March 2002

The Specialist
Database News You Can Use

March 2002
A monthly newsletter for Oracle users
from Database Specialists, a consulting firm
specializing in Oracle technology

In this issue:

Identifying Vulnerabilities in Oracle 9iAS

With all the talk about Oracle 9i being “unbreakable,” the DBAs at Database Specialists have found a must-read white paper on the subject. “Hackproofing Oracle Application Server: A Guide to Securing Oracle 9” was written by David Litchfield and published in January by Next Generation Security Software Ltd. This white paper will show you how to test your site for known vulnerabilities and what you can do to make your site more secure. The information contained in this article is quite valuable. You can download it from

Roger Schrag to Lead IOUG University Seminar

The International Oracle Users Group Conference IOUG Live! will be held in San Diego next month (April 14-18, 2002). Once again, we are proud to play a part in this conference. Database Specialists’ president Roger Schrag will lead a full day IOUG University seminar for beginner DBAs and developers entitled, “A Crash Course in Oracle Database Technology and Best Practices.” This seminar will provide attendees with Oracle fundamentals, best practices and the basics of how to install and configure Oracle in such a way that the database will offer optimum performance, reliability, and scalability. Roger will also lead a conference session on performance tuning called “Interpreting Wait Events to Boost System Performance.” Learn more about the IOUG Live! conference at

High Availability in Oracle 9i: A New White Paper

Don’t miss the newest addition to the library of helpful resources on the Database Specialists website, “Don’t Shut Down That Database. Use Oracle 9i Online Object Redefinition Instead” by Chris Lawson and Roger Schrag.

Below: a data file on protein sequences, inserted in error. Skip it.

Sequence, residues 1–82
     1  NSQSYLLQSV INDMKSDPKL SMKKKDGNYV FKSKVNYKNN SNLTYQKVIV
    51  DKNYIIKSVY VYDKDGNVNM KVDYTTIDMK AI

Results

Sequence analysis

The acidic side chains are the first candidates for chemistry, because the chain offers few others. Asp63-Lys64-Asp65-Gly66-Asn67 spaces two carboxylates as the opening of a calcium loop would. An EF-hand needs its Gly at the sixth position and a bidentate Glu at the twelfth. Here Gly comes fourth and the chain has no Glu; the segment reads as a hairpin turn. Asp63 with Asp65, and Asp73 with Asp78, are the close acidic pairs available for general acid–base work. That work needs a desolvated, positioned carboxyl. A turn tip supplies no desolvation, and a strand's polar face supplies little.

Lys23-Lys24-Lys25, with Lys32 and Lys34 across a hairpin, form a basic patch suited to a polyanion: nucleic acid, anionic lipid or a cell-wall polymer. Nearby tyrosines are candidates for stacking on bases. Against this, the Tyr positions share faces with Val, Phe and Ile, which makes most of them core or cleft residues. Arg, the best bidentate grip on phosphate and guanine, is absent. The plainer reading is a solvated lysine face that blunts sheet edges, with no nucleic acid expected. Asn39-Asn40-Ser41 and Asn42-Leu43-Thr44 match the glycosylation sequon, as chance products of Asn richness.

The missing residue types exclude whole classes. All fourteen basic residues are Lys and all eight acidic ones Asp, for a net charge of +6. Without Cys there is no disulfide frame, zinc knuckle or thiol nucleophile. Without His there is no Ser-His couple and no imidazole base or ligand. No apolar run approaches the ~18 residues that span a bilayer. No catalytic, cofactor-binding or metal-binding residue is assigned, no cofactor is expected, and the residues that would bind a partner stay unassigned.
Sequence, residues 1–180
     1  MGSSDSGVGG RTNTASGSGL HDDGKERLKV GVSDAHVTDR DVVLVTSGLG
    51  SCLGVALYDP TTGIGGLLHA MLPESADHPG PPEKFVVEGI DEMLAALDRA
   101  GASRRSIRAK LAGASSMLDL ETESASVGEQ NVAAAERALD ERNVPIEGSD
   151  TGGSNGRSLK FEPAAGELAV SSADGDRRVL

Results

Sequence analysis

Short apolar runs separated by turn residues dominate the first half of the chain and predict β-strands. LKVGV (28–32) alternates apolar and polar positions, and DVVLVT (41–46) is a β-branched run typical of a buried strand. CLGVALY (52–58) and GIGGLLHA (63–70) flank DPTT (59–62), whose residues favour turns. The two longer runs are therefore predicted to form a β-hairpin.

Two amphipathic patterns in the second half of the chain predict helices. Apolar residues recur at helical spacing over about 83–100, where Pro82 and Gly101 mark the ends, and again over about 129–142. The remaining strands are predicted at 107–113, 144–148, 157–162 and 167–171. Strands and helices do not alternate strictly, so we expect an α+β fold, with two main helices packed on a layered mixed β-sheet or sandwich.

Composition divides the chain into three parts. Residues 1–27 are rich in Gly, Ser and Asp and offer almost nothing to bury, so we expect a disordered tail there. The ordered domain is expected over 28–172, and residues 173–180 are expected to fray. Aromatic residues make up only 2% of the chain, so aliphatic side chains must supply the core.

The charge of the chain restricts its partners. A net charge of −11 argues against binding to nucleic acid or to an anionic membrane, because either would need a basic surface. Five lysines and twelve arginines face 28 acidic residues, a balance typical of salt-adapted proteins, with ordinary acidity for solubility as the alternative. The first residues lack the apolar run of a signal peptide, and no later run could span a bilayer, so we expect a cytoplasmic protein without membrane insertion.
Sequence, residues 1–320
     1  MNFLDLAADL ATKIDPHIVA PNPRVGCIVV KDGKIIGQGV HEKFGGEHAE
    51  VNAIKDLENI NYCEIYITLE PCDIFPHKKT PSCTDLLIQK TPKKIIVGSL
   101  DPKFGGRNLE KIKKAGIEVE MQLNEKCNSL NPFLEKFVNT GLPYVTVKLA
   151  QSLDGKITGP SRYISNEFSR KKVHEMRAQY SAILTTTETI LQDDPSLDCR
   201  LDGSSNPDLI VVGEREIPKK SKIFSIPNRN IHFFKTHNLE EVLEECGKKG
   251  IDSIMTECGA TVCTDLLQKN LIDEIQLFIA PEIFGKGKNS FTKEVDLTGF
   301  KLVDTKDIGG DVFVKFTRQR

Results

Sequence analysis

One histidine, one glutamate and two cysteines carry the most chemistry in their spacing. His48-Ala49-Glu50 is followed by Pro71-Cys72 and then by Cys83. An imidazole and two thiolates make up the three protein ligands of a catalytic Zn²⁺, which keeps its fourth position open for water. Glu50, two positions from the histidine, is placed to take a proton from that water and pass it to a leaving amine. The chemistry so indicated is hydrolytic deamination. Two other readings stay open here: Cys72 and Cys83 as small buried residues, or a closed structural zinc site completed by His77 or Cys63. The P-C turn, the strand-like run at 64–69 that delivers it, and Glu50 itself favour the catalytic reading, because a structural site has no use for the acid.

These experts on high availability explain how to use the “online object redefinition” feature of Oracle 9i to deploy schema changes in production while users are accessing and updating data. The authors discuss the dbms_redefinition package provided in Oracle 9i, and how you use this package to reorganize or redefine tables without downtime. You’ll learn about some of the finer points of online object redefinition like interim tables, preserving integrity constraints and rolling back if an error occurs midway. Chris and Roger walk through examples of how dbms_redefinition can be used to deploy schema changes without jeopardizing data availability. See for yourself at
Oracle Security White Paper Available for Download

PenTest Limited, an independent security consulting firm located in the United Kingdom, has posted some valuable resources for Oracle DBAs on their website at The paper entitled “Exploiting and Protecting Oracle” is one of the more thorough papers on security that we have seen. Although experienced DBAs will likely already be familiar with most of the recommendations made in this paper, the extensive survey of security issues in the Oracle database makes this paper a worthwhile read for every Oracle DBA.

The Results Now In

We are excited to share the news that Database Specialists’ president, Roger Schrag, has been elected to the position of Vice President of the Northern California Oracle Users Group (NoCOUG) for 2002. NoCOUG is an independent, volunteer organization dedicated to the education and representation of the users of Oracle Corporation’s database and tools software. During his term, Roger plans to focus on improving the group’s educational value to its members. Learn more about NoCOUG at

One thought on “March 2002

  1. construct, but SQL*Plus as an option you had to pay for? That was news to me and I’ve been using Oracle since the days when you enetred your SQL commands using the “User Friendly Interface (UFI)”. I also remember talk back then of Oracle developing a procedural interface (the widely anticipated “Super-UFI”) which eventually arrived as PL/SQL. I always thought that SQL*Plus was just a renaming of UFI, just as the “Interactive Application Facility (IAF)” became SQL*Forms. We really had to pay extra for SQL*Plus?

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